The story of a soccer ceasefire in the First World War

The real story behind the fabled Christmas Day football match in the First World War


Pehr Thermaenius

The localized truces, perhaps 100 in all, that marked the first Christmas of the Great War in 1914, are the stuff of both hopeful myth and plain fact. Dozens of soldiers on both sides wrote home about the joy, the strangeness—a British officer recalled “one of my machine gunners, a bit of an amateur hairdresser in civil life, cutting the unnaturally long hair of a docile Boche”—and the ultimate sadness of the respite. But the Christmas football games have been disputed for decades. Given the shell-pocked state of the ground between the Western Front’s opposing trenches, many historians think, at best, a few soldiers might have kicked around a bully-beef tin, before going back to trading alcohol and tobacco.

Thermaenius, a Swedish journalist and First World War aficionado, is having none of the debunking. He focuses on one of the likely spots—the French village of Houplines, where the 2nd battalion of the Argyll and Sutherland Highlanders faced the German army’s 9th Saxon regiment. Crucially, Thermaenius notes, aerial photographs of the time show that No Man’s Land was relatively undamaged. As for the presence of an actual football—something numerous historians think unlikely—the author points out the presence of professional players in the opposing forces, and the way British officers complained about their soldiers playing too much soccer behind the lines.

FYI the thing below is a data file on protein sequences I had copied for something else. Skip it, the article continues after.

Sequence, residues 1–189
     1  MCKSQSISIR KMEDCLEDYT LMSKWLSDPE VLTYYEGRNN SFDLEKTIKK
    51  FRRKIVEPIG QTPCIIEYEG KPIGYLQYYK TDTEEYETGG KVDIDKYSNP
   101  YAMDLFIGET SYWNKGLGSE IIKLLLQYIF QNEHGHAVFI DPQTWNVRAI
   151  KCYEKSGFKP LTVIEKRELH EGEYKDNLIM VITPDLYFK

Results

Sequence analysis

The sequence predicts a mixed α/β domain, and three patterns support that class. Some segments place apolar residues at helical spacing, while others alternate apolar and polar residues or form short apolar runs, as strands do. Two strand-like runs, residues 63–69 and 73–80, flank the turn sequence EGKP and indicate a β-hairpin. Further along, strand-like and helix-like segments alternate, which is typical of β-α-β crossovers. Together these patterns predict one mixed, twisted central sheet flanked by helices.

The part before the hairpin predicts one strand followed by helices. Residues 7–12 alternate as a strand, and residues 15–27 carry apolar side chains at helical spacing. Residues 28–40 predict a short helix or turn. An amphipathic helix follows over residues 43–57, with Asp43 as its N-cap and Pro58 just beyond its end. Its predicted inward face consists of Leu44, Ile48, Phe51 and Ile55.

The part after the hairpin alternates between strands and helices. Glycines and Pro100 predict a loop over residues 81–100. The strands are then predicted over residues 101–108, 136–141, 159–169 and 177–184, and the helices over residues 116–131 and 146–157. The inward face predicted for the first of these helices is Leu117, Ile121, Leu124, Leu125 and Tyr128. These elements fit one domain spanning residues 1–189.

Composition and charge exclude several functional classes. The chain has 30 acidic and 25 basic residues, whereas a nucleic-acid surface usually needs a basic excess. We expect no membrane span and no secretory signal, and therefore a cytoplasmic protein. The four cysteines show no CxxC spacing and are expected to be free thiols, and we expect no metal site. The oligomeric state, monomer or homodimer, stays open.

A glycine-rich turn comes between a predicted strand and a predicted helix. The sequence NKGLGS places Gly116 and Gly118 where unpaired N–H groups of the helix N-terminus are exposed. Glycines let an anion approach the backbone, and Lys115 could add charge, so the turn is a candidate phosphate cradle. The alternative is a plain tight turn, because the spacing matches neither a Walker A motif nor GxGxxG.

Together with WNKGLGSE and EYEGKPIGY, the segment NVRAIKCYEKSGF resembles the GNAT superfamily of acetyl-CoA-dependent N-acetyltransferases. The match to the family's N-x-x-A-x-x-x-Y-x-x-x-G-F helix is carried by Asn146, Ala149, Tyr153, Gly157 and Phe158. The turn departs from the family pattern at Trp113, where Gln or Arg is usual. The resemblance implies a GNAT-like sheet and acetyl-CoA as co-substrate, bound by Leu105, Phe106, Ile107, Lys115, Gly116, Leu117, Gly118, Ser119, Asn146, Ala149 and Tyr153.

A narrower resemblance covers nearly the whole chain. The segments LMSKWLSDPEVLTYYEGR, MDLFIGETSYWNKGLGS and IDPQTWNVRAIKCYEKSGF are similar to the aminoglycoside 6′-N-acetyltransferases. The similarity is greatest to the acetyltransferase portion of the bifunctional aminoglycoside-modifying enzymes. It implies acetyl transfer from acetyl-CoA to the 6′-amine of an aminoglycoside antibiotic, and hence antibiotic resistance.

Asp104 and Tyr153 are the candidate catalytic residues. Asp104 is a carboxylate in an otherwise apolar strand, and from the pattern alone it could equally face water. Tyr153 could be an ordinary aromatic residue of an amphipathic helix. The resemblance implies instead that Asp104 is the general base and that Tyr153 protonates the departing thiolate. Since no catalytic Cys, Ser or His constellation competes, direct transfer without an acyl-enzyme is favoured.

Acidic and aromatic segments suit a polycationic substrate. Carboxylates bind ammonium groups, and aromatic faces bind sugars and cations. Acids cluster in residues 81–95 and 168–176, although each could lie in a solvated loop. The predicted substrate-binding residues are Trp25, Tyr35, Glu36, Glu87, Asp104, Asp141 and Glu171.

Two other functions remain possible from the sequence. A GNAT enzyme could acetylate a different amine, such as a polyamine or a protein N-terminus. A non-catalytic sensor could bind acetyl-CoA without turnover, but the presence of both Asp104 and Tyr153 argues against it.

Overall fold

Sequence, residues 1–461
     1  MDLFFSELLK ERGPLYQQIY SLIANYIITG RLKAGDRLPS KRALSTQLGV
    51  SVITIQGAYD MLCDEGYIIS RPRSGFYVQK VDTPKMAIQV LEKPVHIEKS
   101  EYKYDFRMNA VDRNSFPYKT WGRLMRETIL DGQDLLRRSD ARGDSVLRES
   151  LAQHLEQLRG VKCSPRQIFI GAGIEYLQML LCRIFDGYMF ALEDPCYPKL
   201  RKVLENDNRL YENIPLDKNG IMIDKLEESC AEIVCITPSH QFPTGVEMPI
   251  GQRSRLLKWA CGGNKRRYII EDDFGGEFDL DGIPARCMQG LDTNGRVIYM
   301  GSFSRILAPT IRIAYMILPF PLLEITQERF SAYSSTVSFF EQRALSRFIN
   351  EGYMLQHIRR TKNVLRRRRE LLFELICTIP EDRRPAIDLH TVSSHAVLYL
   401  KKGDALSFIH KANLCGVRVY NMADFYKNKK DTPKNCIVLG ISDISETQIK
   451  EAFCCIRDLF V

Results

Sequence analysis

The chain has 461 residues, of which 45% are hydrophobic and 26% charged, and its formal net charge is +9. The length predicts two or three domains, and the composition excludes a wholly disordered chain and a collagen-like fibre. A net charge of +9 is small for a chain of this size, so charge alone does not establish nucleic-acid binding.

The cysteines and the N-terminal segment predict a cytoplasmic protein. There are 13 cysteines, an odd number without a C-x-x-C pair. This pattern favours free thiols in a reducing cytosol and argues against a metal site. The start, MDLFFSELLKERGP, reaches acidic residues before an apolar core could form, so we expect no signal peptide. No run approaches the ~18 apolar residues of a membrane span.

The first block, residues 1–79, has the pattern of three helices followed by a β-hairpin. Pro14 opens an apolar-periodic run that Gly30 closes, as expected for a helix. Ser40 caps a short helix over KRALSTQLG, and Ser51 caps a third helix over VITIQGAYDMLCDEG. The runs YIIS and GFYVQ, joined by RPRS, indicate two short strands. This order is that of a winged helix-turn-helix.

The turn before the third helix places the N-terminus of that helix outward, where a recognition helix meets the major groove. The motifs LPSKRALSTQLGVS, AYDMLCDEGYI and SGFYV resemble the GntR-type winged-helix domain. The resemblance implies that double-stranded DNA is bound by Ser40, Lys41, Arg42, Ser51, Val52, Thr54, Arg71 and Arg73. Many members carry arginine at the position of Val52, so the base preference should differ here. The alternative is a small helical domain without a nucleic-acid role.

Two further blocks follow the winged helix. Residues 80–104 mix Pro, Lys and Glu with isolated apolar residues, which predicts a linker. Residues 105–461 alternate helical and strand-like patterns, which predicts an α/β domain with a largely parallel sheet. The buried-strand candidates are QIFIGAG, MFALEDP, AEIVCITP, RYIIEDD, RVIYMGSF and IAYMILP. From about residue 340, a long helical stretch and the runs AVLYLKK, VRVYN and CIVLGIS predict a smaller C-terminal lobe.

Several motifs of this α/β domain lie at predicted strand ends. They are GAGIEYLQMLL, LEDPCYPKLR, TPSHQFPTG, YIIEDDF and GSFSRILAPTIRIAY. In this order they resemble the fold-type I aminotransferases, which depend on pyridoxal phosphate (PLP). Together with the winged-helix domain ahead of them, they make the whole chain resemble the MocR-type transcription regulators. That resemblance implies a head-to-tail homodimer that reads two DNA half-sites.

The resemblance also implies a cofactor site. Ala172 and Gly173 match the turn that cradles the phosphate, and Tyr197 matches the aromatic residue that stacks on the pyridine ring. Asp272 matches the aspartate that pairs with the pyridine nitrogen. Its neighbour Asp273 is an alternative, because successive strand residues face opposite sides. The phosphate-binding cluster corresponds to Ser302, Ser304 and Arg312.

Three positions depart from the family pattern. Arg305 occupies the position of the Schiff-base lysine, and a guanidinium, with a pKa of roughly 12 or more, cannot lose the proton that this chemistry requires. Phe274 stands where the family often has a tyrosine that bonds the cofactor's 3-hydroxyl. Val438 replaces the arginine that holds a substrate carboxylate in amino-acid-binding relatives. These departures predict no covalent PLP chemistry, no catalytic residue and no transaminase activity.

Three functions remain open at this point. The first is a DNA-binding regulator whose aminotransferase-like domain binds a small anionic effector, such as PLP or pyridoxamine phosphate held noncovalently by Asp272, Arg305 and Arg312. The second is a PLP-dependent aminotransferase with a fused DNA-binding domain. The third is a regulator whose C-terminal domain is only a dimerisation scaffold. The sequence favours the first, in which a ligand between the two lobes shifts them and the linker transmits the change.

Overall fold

Reports of a Scotland-Saxony international comes from two German sources and one British, all of whom record a schoolboy-style match with caps marking the goals (“Tommie did the same,” recorded one German) and an uneven number of players. The Saxons won, at least according to them, 3-2. (Probably true, since the Scot didn’t report the score.) The accounts won’t add up to enough for doubters, but they are sufficient for Thermaenius, who is primarily interested in a heart-warming story and in what might have happened if the soldiers had continued to refuse to shoot one another.

In his most interesting section, Thermaenius records his discussions with various peace mediators, some of whom say ceasefires arranged around common religious holidays have the best chance of holding. Skilled negotiators could have worked with what they had at Christmas 1914, the author judges, and the truce could have come to more “than exchanging Christmas presents and playing football.” But, of course, it did not. Alarmed higher authorities in both armies clamped down on the fraternization and, as one Black Watch veteran recalled of the truce in his sector, “the silence [of the guns] ended early in the afternoon and the killing started again.”